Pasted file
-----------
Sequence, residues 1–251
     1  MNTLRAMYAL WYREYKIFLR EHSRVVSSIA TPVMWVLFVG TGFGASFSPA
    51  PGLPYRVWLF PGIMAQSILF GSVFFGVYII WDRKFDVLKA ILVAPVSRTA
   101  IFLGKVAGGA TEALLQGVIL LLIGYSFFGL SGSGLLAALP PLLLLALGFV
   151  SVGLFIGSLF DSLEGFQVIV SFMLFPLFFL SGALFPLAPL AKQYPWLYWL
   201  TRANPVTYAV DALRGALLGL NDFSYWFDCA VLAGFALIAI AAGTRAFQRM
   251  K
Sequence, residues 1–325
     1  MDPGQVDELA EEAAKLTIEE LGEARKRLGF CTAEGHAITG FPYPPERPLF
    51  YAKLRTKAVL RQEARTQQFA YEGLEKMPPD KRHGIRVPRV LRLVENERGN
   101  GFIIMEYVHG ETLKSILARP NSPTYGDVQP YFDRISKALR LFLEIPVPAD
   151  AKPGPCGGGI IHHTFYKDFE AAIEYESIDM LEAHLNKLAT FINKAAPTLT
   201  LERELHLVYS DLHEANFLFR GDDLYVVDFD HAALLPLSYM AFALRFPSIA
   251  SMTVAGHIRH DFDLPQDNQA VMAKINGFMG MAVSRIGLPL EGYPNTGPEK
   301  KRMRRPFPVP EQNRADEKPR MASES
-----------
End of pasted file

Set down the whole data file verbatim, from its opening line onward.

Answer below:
Sequence, residues 1–251
     1  MNTLRAMYAL WYREYKIFLR EHSRVVSSIA TPVMWVLFVG TGFGASFSPA
    51  PGLPYRVWLF PGIMAQSILF GSVFFGVYII WDRKFDVLKA ILVAPVSRTA
   101  IFLGKVAGGA TEALLQGVIL LLIGYSFFGL SGSGLLAALP PLLLLALGFV
   151  SVGLFIGSLF DSLEGFQVIV SFMLFPLFFL SGALFPLAPL AKQYPWLYWL
   201  TRANPVTYAV DALRGALLGL NDFSYWFDCA VLAGFALIAI AAGTRAFQRM
   251  K
Sequence, residues 1–325
     1  MDPGQVDELA EEAAKLTIEE LGEARKRLGF CTAEGHAITG FPYPPERPLF
    51  YAKLRTKAVL RQEARTQQFA YEGLEKMPPD KRHGIRVPRV LRLVENERGN
   101  GFIIMEYVHG ETLKSILARP NSPTYGDVQP YFDRISKALR LFLEIPVPAD
   151  AKPGPCGGGI IHHTFYKDFE AAIEYESIDM LEAHLNKLAT FINKAAPTLT
   201  LERELHLVYS DLHEANFLFR GDDLYVVDFD HAALLPLSYM AFALRFPSIA
   251  SMTVAGHIRH DFDLPQDNQA VMAKINGFMG MAVSRIGLPL EGYPNTGPEK
   301  KRMRRPFPVP EQNRADEKPR MASES